Serving Southeastern West Virginia

West Virginia Woodturners Association

The West Virginia Woodturners Association provides woodturners in southeastern West Virginia and western Virginia with an opportunity to meet other turners, enhance their skills, and share their skills and interests in woodturning. Send an email to to request additional information about the club and its activities.

Next Meeting - April 26

The April meeting will begin at 9:30 AM at Gerald Chandler's shop in Crawley. This will be the Club's semi-annual wood and tool auction so check your tool crib and woodpile for surplus stock that can be donated to the Club and purchased by other members. After the auction, J erald Carter will demonstrate how to turn a bowl from a single board or plank.

March Meeting Highlights

Twenty seven members and four guests attended the meeting on March 22 at Gerald's shop. In addition to the door prize and raffle drawings, several members brought their recent turnings for Show and Tell. Harry, Mike, and Cliff discussed tool sharpening - equipment available, sharpening jigs, and sharpening techniques. Harry also demonstrated how he turns small items from bankasia pods and tagua nuts.

Show and Tell

12" Cherry Platter
Nelson Dew

6" Translucent Ash Bowl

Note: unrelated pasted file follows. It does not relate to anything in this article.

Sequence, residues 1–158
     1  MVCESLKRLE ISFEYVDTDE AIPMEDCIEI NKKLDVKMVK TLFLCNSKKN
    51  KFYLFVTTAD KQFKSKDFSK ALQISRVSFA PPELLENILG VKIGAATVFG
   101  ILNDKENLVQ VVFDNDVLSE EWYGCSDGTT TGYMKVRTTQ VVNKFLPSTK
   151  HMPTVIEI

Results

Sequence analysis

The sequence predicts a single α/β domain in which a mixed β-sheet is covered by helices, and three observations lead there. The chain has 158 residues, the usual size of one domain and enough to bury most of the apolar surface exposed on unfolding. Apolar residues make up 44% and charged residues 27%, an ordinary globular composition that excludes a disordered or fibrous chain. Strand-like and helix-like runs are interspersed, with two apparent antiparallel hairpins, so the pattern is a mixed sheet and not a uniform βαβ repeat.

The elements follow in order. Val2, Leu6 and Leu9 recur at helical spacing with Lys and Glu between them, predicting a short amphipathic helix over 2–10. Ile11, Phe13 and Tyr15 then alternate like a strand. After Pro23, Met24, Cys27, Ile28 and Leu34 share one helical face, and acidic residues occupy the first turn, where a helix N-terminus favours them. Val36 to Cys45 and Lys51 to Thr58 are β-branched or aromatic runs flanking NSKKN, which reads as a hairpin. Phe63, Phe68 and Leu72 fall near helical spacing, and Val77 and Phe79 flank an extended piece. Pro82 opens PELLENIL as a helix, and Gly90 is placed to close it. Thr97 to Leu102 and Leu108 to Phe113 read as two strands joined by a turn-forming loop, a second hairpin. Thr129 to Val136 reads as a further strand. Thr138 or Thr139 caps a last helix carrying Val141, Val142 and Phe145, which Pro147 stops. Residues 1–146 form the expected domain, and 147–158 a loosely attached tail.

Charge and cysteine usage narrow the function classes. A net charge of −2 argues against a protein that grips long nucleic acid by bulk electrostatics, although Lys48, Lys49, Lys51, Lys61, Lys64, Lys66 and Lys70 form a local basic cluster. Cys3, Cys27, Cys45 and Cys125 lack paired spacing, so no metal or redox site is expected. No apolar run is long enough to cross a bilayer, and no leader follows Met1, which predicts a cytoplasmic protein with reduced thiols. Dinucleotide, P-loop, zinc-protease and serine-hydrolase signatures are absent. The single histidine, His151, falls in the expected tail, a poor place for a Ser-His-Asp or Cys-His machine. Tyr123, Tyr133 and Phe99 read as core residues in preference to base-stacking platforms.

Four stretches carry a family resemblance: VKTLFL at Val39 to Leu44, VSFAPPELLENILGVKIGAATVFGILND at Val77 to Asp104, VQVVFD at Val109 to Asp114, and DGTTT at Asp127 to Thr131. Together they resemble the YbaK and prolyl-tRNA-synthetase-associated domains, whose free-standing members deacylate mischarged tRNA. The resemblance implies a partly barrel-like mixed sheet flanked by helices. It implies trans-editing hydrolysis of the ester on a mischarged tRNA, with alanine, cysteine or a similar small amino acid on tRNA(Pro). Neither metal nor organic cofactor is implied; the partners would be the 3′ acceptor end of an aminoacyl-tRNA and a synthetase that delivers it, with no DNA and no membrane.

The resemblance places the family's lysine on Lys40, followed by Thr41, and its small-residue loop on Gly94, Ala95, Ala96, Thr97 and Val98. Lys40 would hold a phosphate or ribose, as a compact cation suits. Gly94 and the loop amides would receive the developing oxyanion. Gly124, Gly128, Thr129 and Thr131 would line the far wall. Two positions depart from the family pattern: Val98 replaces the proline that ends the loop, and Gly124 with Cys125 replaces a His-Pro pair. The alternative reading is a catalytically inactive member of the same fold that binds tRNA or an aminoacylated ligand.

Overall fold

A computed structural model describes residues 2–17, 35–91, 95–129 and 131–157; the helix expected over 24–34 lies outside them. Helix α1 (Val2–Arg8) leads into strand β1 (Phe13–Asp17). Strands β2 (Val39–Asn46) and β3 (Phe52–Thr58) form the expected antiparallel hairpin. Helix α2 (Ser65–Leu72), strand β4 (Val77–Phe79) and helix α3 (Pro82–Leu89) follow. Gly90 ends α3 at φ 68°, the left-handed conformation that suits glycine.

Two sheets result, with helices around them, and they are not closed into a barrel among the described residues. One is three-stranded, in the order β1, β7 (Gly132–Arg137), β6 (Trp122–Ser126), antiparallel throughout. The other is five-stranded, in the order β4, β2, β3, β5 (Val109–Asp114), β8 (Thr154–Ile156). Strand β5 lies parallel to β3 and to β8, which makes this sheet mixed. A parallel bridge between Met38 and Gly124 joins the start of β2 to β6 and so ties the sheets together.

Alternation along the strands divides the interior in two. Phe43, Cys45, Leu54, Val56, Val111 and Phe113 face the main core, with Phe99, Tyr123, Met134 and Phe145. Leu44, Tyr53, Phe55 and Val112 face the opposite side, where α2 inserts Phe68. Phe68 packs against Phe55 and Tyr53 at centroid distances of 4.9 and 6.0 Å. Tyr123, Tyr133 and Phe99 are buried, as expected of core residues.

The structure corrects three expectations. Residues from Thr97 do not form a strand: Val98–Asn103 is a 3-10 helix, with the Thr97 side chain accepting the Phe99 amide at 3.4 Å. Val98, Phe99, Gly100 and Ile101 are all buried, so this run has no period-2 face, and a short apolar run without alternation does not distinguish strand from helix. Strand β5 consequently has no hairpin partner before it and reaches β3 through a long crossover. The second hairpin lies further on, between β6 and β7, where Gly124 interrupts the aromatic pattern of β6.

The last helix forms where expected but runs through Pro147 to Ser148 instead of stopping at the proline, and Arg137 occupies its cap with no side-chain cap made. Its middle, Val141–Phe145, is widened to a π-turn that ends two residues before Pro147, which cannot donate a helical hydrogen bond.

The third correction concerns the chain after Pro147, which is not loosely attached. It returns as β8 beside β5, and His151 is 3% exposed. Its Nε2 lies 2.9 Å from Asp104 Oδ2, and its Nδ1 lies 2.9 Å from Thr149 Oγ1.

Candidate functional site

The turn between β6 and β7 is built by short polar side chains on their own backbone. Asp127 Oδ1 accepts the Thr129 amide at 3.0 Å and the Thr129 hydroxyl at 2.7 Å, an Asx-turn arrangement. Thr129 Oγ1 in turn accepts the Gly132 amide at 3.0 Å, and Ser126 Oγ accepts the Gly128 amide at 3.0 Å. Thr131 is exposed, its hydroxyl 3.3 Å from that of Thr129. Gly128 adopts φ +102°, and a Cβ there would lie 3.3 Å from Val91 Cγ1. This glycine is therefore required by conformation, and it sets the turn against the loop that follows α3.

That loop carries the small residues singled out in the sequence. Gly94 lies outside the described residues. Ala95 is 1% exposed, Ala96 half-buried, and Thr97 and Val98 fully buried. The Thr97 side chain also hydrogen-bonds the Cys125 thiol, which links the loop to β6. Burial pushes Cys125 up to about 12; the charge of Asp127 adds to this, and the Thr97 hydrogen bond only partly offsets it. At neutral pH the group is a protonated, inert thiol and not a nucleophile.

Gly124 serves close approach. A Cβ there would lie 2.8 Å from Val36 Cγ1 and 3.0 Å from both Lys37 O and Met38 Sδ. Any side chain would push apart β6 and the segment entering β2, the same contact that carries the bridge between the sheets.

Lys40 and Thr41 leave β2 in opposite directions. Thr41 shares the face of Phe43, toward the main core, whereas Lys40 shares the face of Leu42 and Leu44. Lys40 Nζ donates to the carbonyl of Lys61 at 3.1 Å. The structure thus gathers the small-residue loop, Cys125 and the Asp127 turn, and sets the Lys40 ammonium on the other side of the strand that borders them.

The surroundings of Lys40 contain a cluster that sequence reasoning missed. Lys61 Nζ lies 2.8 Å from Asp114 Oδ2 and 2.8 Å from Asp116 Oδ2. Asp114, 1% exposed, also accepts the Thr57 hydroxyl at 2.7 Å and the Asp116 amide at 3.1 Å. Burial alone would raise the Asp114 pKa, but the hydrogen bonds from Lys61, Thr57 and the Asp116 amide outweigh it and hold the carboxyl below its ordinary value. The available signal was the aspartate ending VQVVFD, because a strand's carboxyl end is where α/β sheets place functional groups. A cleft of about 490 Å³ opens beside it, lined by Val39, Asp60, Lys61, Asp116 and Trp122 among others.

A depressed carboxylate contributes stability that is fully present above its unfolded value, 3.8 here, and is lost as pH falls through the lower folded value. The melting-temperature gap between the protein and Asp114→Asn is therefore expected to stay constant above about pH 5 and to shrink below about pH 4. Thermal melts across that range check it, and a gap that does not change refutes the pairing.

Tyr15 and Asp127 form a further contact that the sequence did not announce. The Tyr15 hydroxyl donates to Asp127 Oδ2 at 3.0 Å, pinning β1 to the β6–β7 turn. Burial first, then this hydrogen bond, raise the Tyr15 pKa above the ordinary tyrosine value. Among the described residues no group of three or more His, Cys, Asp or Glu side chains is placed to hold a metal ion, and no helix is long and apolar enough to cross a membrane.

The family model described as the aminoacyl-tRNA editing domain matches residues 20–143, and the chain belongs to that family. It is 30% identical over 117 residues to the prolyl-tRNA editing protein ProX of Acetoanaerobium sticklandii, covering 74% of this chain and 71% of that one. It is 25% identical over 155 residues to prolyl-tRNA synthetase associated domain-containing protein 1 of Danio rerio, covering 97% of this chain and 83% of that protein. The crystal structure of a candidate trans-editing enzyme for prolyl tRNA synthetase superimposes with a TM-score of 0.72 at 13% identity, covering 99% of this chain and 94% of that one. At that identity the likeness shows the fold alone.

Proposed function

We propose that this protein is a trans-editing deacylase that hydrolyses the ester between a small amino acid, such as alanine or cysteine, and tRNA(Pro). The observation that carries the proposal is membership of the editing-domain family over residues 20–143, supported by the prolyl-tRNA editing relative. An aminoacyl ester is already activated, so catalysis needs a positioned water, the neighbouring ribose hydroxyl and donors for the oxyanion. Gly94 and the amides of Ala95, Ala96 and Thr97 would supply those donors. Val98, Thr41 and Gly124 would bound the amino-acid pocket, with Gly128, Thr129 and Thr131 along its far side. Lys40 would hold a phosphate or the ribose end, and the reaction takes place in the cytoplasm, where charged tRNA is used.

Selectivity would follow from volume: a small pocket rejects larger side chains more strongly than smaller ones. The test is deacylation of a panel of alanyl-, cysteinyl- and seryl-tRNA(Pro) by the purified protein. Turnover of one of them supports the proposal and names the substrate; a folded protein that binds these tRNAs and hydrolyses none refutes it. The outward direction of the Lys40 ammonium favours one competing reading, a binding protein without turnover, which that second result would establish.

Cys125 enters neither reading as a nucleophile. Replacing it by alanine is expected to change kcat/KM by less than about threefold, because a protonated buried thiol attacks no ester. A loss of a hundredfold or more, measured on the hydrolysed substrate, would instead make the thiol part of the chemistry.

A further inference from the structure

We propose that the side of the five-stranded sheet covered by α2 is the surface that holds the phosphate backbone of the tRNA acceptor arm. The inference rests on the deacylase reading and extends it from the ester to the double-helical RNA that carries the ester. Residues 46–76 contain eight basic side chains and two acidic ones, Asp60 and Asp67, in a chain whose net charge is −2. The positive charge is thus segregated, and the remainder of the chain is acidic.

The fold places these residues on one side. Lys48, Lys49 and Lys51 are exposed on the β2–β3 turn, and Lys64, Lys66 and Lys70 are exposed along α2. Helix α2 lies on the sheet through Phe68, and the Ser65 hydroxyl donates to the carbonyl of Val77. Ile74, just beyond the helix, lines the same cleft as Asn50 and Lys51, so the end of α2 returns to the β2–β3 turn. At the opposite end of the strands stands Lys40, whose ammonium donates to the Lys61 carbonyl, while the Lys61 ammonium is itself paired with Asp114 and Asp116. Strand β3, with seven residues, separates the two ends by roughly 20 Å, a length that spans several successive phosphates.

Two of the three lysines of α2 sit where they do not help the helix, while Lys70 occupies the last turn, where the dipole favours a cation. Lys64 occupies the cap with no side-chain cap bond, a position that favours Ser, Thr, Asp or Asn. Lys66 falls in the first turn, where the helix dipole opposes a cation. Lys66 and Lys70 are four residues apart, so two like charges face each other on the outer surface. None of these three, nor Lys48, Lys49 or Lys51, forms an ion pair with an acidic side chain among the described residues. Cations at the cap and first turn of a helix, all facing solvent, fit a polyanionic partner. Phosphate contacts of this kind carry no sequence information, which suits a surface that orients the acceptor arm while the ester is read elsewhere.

Charlie Myers

12" Cherry Burl Vase
Mike Cope

14" Natural Edge Bowl
Mike Cope

Cherry Urn
John Gregor

Walnut Urn
John Gregor

Cherry Urn
John Gregor

4" Bankasia Vase
Harry Newman

Sharpening Demonstrations

There are a large number of sharpening tools available ranging from simple grinders to elaborate systems with belts, water-cooled grindstones, or abrasive wheels with elaborate jigs to help produce consistent results. This demonstation focussed on the most common systems utilizing grinders with various jigs. Abrasive wheels are available in a variety of materials and grits. 80 or 100 grit white or pink aluminum oxide wheels are used by most turners because they are relatively inexpensive. Pink wheels cost about a third more than white wheels but last longer and generally cut faster. Since the abrasive particles quickly wear away on these wheels, it is necessary to use a diamond dresser to flatten the surface of the wheel since since the surface becomes convex since most sharpening is done on the center of the wheel. Cubic boron nitride is very tough and sharp and is the best type of wheel to use . Since it is bonded to a precision ground steel wheel, it does not wear and will last for thousands of sharpenings. While it costs about three times more than a pink wheel, a diamond dresser is not needed and CBN wheels never wear out.

Sharp tools are the safest to use and produce the best surface so turners want to have sharp tools without spending a lot of time at the grinder. Harry, Mike, and Cliff achieve that goal in somewhat different fashions. Harry generally uses the freehand method of sharpening which requires him to position his hands very carefully on the grinding platform so he can both support and guide the tool along the sharpening path. Mike uses a simple jig to set the angle of the grinding platform when he is sharpening scrapers or skew chisels. He uses the OneWay Wolverine sharpening system for all his gouges and uses the same jig setting for most ofhis gouges, even though the profiles may be somewhat different.